Members of Gambia’s army forces in Banjul last week. Photograph: Thierry Gouegnon/Reuters

(JollofNews) Two journalists working for the Arabic-language service of international news organisation Al-Jazeera were held by security forces in The Gambia and deported, Gambian and Mauritanian sources told AFP on Monday.

The channel’s Mauritania bureau chief Zeinebou Mint Erebih and cameraman Mohamed Ould Beidar were taken away from their upmarket hotel by plainclothes officers and detained on Sunday night, sources close to the journalists said.

They were quickly released and transported to Banjul airport where they were deported to neighbouring Senegal, according to Mauritanian sources.

The pair are believed to have entered the country on Tuesday, five days after a contested presidential election was held.

Al-Jazeera journalists were refused accreditation prior to the December 1 vote won by opposition leader Adama Barrow after 22 years of rule by President Yahya Jammeh, who is now challenging the result.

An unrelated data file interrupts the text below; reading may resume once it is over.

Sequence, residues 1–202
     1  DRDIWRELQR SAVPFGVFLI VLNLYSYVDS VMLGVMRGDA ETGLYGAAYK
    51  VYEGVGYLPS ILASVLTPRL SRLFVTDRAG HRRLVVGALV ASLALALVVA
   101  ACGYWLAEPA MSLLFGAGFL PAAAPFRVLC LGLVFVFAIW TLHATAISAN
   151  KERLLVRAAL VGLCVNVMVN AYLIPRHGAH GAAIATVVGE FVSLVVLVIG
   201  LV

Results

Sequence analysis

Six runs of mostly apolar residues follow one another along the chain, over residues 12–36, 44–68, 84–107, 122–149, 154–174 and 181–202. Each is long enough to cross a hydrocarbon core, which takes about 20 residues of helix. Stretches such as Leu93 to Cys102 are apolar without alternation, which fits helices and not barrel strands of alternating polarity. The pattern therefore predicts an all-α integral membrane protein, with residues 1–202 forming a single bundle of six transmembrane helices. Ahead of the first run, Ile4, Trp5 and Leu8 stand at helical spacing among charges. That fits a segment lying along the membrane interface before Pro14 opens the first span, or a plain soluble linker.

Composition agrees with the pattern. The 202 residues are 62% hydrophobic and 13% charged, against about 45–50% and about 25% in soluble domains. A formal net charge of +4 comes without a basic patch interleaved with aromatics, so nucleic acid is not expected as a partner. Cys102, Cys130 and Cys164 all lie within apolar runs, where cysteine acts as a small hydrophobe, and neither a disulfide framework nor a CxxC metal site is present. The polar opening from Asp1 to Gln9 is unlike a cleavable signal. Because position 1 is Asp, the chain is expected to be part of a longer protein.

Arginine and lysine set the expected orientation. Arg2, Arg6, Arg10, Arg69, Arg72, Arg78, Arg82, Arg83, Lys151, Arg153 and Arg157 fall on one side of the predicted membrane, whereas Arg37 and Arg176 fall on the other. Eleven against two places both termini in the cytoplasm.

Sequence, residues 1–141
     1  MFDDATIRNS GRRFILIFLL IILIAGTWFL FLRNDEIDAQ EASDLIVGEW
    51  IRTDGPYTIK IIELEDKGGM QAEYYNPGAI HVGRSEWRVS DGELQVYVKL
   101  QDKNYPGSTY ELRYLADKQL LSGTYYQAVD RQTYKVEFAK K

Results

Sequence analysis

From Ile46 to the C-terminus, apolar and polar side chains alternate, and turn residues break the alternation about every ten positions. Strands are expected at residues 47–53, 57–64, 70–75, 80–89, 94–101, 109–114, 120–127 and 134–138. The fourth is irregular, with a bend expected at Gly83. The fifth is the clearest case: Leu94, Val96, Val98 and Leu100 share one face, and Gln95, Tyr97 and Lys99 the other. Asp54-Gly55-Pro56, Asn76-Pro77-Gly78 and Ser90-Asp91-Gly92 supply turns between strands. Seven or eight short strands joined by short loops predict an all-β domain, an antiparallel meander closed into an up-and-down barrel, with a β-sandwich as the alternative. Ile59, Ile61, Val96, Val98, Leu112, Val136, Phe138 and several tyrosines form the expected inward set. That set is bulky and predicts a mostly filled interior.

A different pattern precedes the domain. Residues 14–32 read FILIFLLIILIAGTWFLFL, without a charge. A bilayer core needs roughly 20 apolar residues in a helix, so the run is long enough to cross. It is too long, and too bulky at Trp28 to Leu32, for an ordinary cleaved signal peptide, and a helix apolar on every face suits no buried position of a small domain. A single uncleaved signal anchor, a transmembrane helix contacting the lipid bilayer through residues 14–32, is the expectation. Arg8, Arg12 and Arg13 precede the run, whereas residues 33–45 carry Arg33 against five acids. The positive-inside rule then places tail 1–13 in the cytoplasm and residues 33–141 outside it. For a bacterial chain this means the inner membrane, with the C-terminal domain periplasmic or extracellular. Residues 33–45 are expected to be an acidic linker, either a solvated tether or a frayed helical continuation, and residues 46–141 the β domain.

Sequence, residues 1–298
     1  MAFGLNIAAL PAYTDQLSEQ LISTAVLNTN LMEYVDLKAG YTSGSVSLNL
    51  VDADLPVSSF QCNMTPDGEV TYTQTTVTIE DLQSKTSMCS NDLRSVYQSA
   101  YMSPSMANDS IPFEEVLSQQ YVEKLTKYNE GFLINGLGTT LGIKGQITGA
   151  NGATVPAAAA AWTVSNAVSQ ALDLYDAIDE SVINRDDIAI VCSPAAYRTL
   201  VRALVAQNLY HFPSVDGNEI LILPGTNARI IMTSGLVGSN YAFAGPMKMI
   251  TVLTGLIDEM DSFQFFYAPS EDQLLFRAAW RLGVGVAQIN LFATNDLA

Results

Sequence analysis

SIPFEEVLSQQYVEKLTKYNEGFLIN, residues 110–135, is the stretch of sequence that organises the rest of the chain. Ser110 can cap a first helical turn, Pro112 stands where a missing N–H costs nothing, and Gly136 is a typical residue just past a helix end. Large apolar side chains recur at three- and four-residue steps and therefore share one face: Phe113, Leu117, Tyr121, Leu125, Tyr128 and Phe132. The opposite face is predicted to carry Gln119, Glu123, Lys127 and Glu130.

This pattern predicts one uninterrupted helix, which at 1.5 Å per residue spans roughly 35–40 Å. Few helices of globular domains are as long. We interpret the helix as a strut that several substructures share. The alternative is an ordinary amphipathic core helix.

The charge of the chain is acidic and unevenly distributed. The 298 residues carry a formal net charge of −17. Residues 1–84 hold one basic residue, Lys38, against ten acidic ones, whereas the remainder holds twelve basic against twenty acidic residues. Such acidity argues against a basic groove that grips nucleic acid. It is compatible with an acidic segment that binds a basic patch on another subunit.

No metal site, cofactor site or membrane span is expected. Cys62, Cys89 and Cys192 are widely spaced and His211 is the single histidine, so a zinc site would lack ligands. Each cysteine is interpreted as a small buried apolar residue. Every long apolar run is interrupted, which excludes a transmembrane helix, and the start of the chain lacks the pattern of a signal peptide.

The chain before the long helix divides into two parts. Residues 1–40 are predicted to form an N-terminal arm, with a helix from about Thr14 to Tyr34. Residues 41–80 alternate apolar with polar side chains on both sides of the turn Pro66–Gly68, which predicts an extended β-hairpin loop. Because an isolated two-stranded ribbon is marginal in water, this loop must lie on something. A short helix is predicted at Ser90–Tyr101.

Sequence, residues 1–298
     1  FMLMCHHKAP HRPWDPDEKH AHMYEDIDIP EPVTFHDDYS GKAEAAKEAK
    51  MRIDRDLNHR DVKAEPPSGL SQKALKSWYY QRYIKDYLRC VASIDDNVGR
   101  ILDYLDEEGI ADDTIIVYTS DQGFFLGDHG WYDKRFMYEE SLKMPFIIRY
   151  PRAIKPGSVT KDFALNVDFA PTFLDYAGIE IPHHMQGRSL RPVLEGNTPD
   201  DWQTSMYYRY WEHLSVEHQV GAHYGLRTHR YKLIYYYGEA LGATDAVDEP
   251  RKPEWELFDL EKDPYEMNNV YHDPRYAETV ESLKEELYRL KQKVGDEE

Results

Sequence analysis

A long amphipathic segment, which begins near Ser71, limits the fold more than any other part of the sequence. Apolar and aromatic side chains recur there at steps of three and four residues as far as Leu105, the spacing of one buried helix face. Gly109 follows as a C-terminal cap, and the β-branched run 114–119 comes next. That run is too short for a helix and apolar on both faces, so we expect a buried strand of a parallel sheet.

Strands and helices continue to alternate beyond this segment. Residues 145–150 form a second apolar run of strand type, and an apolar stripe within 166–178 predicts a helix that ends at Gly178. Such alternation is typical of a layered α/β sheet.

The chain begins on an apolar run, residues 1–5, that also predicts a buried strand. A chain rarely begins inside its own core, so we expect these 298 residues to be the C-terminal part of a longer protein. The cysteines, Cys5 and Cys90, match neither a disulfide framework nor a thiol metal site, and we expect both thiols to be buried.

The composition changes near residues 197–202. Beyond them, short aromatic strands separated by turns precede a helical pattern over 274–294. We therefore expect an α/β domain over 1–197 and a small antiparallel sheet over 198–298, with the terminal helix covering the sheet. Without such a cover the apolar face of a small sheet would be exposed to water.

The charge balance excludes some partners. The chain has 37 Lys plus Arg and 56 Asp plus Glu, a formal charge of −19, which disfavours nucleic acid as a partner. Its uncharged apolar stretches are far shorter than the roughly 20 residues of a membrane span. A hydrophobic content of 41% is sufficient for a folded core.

The network is well known in The Gambia for broadcasting several hard-hitting reports including of street protests in April that led to the jailing of dozens of opposition figures.

Separate sources close to the Gambian communications ministry said the journalists had recently requested an interview with minister Sheriff Bojang, but were told Al-Jazeera was “banned” in the country.
Erebih and Beidar succeeded in interviewing president-elect Barrow, however, with the meeting also published in English and posted online.